Efficiency first: Another example of why government enterprises do not workLet's face it, we knew it was coming.
Tuesday afternoon, the Postal Service announced that the price of stamps would be going up two cents.
The reality is, two cents is not going to break the average postal customer. But where it does matter is when businesses that use the Postal Service get to the counter and do the math and see their costs have skyrocketed. That will have an effect in the stores -- and, in turn, on the consumer.
But that is not why this postage increase is worth talking about.
The Postal Service is another example of what happens when government bureaucrats try to run large enterprises.
As the Postal Service faced the advent of e-mail, e-cards, online bill pay and other changes that came along with technology, its leaders found that it was not competing well, and that if something was not done soon, the organization would be fiscally insolvent. And now, surprise, surprise, it is nearly there.
The rise in postage rates is not a surprise. If you are taking in less money, you need to charge more.
But what is scary about the move is that it is an example of why huge government-run enterprises are not the best of ideas in this fast-paced business world. They do not move quickly enough to make the changes -- and the cuts -- necessary to survive in an environment that requires that sort of decision-making. They are not leaders when they need to be -- and are not predisposed to the kind of planning that makes them market leaders that can pay their own bills.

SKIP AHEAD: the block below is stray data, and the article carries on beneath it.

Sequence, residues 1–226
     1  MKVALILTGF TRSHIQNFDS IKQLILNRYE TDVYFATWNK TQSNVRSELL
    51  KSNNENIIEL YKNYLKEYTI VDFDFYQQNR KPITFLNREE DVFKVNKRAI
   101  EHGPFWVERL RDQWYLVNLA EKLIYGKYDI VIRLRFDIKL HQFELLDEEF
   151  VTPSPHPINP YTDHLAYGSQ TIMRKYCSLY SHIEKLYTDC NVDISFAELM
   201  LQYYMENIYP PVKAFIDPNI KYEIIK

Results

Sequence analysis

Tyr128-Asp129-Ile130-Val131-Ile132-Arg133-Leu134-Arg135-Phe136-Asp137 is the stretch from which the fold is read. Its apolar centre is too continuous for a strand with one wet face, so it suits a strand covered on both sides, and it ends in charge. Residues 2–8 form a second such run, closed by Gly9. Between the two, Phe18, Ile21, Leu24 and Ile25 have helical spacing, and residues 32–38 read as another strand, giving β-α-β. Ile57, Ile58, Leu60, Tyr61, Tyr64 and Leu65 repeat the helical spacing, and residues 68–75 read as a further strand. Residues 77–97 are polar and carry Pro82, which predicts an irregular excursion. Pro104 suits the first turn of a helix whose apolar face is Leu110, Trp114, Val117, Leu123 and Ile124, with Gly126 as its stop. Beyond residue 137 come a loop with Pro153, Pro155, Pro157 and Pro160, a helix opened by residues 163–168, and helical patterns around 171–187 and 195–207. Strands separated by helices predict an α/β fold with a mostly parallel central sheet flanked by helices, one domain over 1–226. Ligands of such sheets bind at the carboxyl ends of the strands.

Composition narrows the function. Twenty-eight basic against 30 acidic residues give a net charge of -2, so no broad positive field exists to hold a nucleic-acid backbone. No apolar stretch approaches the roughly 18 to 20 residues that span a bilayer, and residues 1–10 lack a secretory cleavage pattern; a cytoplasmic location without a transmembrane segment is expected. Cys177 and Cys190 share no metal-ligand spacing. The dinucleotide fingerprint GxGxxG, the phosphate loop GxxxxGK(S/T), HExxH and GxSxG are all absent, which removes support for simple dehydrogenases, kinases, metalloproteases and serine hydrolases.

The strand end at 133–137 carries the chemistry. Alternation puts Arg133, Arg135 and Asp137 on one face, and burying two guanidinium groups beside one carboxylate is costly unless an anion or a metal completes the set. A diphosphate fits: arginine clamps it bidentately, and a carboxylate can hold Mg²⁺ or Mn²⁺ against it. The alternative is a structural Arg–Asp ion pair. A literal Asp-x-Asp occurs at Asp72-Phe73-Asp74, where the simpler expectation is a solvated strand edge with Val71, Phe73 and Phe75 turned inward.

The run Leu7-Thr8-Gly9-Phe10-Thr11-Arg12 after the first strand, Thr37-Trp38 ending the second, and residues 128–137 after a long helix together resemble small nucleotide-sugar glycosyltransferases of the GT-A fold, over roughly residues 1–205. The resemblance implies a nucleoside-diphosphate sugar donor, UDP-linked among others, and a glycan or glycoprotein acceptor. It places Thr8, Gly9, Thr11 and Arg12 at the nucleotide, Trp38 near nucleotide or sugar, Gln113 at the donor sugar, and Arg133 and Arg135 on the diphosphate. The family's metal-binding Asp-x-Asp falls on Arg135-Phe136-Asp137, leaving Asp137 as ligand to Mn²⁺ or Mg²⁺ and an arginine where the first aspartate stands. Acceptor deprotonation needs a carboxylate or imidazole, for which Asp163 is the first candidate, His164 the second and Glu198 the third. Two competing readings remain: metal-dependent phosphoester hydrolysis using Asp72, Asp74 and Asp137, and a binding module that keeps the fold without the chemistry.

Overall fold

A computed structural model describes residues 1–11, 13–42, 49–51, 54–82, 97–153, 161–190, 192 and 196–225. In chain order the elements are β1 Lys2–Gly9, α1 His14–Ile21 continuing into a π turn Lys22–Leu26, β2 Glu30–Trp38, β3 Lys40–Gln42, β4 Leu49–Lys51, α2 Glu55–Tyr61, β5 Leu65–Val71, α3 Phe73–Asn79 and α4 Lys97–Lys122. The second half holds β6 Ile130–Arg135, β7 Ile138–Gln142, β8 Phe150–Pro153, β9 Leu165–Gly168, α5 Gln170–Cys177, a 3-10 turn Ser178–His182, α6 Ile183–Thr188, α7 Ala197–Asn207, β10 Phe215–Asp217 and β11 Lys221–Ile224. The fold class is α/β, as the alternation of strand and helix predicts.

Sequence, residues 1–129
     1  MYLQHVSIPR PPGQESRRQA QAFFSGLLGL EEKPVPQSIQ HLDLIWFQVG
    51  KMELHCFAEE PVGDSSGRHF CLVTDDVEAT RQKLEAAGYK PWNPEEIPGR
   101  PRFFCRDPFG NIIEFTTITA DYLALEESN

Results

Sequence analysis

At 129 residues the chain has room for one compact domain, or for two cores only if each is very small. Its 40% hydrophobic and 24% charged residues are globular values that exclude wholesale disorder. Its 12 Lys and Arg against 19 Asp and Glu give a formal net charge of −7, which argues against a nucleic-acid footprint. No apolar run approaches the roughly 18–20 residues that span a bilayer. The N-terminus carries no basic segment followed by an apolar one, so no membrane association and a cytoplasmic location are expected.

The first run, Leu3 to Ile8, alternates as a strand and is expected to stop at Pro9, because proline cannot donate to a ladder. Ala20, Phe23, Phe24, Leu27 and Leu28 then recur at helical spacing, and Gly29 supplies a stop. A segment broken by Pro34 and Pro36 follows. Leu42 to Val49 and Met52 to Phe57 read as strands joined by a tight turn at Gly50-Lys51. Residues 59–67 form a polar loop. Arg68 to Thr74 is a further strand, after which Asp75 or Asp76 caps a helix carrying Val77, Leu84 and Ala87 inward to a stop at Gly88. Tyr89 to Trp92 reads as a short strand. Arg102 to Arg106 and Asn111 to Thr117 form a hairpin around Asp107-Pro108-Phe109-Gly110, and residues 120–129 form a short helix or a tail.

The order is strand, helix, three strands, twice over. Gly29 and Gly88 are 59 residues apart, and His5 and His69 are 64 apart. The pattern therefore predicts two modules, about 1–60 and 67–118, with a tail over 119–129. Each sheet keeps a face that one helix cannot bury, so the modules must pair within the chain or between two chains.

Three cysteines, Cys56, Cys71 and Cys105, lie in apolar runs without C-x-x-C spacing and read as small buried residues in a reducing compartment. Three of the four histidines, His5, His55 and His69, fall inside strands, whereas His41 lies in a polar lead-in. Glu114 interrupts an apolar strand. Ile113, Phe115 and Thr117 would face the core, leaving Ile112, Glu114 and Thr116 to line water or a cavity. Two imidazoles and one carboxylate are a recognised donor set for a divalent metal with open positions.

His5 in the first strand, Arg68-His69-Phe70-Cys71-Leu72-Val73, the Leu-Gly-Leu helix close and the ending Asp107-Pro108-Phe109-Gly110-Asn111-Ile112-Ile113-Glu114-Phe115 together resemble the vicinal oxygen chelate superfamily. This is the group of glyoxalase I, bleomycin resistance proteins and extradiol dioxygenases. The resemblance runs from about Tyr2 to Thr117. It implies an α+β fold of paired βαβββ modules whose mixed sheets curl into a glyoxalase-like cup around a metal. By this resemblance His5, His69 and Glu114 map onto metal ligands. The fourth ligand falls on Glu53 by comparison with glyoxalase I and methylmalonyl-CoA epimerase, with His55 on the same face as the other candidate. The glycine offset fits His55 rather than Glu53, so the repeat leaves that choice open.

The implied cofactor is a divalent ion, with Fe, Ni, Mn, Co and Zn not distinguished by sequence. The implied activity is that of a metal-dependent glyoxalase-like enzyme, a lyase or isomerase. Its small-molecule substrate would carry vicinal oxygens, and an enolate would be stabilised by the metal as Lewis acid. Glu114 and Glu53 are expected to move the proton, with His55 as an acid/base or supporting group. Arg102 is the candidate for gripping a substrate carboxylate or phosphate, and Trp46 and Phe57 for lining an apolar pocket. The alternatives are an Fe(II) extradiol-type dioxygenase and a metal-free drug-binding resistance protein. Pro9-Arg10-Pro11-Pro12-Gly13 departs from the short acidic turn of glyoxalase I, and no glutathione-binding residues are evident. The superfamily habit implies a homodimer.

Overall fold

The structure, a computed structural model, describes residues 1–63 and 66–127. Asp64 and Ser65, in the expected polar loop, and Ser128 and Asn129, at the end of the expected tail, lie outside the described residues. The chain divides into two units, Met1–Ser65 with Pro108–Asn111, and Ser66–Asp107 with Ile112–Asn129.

They are -- as a rule -- a bad idea. And don't think the Postal Service is the only agent of the federal government that has run into trouble.
Just look around. Start with Social Security and the welfare system if you are not sure where to begin.
And that, in a nutshell, is why so many people are so concerned about government having any kind of say in how their health care is administered, distributed and managed.
They do not want to face yet another bureaucratic nightmare.
There are plenty of good quality people who work for the Postal Service, and they provide a service that has been critical to this country for generations.
But like any other government-run effort, it simply cannot compete with the fast-paced delivery services in its category -- and because it is a government entity, it probably really isn't supposed to.
And that's why we need to think long and hard about creating yet another one.
Published in Editorials on July 7, 2010 10:42 AM